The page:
The 3 reasons why I applied for the Alaska Airlines Business card
Update: Some offers mentioned below are no longer available. View the current offers here.
I've long been a fan of the Alaska Airlines Mileage Plan loyalty program and I'm always looking to boost my miles balance with them.
Years ago, the company I worked for was acquired by a company in Seattle. I frequently traveled to Seattle on business and matched my United Premier Platinum status to MVP Gold 75K status.
I enjoyed the transcontinental upgrades, but more importantly, I built a huge stash of Mileage Plan miles. This helped me book multiple business-class tickets to Asia with partners like Cathay Pacific and Japan Airlines.
Related: Maximizing redemptions with Alaska Airlines Mileage Plan
The program has lost valuable partners over the years and added new ones at less-than-stellar award prices. However, many of the program's amazing redemptions have remained the same. Just this year, I was able to leverage the program to book two one-way Singapore Airlines business-class tickets from Seattle to Singapore to Bali, with a week-long stopover in Singapore for 200,000 miles and minimal taxes and fees.
So when the Alaska Airlines Visa® Business card announced its best-ever publicly-available welcome bonus— 70,000 bonus miles plus Alaska's Famous Companion Fare™ from $121 ($99 fare plus taxes and fees from $22) after spending $4,000 within the first 90 days of account opening — I immediately applied for the card to rebuild my balance.
Let's take a closer look at why I did this, and why you might consider doing the same before the offer expires.
For more TPG news delivered each morning to your inbox, sign up for our daily newsletter.
My Mileage Plan balance is running low
I had a sizeable Mileage Plan balance until this June when I redeemed 200,000 miles for those two Singapore Airlines tickets to Asia. This brought my balance down to around 30,000 Mileage Plan miles.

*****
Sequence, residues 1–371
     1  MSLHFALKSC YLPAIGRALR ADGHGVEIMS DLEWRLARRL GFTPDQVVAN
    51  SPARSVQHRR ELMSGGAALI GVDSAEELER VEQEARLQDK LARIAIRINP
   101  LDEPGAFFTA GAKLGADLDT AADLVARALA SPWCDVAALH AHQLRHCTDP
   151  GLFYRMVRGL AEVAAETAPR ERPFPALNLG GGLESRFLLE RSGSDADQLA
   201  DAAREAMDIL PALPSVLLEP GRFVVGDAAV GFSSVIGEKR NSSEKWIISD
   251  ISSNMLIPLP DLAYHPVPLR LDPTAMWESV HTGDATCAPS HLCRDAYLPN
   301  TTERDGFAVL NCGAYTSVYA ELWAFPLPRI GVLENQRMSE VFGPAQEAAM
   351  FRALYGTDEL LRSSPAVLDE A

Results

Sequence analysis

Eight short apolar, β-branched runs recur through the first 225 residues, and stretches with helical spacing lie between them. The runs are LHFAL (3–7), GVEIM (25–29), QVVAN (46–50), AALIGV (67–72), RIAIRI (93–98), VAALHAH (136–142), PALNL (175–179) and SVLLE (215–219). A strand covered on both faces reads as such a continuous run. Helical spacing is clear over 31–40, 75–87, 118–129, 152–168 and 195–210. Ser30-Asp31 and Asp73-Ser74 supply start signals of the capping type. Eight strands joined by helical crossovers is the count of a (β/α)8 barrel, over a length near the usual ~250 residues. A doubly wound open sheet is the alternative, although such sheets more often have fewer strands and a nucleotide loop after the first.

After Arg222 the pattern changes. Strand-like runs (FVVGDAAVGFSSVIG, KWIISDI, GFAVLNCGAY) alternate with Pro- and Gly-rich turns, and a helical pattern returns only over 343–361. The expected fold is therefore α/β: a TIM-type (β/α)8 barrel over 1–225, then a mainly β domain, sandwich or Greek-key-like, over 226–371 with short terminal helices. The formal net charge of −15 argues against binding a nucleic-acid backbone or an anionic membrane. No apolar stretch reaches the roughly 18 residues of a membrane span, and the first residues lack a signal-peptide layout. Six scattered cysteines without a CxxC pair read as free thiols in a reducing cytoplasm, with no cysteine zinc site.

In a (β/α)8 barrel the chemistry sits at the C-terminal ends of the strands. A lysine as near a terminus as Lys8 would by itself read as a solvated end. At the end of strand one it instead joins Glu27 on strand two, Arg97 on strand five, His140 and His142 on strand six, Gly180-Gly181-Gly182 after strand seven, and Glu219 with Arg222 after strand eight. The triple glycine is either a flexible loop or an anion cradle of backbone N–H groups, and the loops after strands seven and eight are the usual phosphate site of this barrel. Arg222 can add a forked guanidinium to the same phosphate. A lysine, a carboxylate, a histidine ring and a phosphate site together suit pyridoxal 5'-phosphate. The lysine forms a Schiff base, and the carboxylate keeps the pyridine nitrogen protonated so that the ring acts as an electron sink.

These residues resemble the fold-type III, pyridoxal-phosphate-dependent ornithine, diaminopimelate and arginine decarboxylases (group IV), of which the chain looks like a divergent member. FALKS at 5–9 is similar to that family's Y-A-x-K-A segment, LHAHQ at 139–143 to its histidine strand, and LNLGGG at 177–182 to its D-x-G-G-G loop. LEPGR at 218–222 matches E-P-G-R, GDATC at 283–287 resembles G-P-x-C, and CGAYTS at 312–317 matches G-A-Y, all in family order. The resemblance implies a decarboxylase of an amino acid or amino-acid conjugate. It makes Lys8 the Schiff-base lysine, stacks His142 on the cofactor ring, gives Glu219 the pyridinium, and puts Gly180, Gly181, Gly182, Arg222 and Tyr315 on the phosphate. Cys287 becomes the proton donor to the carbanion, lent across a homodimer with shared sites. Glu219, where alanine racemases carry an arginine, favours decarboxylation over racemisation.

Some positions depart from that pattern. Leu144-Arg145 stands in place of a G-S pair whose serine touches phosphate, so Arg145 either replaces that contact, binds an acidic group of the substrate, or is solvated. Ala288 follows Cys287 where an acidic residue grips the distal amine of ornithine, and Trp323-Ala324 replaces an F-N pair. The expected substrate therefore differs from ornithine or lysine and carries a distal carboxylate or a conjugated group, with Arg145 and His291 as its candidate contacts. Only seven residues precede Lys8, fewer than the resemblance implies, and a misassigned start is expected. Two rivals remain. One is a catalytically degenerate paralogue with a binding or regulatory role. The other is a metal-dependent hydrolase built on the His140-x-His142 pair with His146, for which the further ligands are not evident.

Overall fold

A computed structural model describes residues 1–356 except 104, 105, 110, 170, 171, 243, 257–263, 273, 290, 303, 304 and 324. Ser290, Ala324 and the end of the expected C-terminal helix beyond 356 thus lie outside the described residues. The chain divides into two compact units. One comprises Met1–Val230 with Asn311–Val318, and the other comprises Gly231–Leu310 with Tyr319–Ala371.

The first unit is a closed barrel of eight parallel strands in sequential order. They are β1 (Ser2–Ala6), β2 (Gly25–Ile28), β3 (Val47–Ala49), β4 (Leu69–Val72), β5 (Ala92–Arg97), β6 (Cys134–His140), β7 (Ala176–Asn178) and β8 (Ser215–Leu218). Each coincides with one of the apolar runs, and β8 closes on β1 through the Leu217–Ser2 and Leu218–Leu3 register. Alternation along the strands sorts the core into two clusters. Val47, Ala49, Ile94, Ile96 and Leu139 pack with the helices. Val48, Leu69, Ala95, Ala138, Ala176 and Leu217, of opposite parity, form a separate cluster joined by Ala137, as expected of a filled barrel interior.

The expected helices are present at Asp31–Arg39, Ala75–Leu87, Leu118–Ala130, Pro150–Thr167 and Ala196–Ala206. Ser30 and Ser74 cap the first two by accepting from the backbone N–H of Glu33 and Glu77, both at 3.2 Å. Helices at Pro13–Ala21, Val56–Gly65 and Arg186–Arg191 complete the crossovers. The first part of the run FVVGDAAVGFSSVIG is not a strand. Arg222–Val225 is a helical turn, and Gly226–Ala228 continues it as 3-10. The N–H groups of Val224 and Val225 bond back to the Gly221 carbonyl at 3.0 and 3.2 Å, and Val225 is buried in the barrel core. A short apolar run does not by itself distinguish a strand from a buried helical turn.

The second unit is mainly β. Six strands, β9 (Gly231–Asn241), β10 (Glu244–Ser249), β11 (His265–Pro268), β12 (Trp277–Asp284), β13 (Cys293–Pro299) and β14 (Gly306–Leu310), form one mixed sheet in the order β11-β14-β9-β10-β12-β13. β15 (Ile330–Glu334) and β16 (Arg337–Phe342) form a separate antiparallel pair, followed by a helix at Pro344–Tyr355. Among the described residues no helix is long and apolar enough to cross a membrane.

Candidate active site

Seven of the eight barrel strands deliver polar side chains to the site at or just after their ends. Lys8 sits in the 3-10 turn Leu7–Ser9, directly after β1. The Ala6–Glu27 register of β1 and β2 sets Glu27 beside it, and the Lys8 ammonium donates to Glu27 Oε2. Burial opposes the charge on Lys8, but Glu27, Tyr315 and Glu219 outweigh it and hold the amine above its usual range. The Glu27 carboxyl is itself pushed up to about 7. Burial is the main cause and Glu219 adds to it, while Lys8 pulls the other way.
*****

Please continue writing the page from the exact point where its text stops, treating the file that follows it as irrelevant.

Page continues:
This isn't enough for any aspirational redemptions. I like to keep a stash of Alaska miles on hand in case Cathay Pacific, Japan Airlines or other partner award space opens up. It's by far the best way to book tickets on many of its partner carriers.
However, Alaska miles are some of the hardest to earn. It has no transfer partners outside of Marriott Bonvoy, which processes transfers at a 3:1 ratio with a 5,000-mile bonus awarded for every 60,000 Marriott points transferred to an airline. This means that 60,000 Marriott points are worth 25,000 miles. It can come in handy, but you're usually better off using Marriott points for hotel stays in many cases.
Related: When does it make sense to transfer Marriott points to airlines?
Nowadays, I'm not flying Alaska much either, so my earning opportunities are limited to spending on the Alaska shopping portal and using the airline's dining program. A shot at 70,000 miles means I can supercharge my balance with minimal effort and enjoy the miles on a future trip.
I'm planning a trip to Africa and Asia next year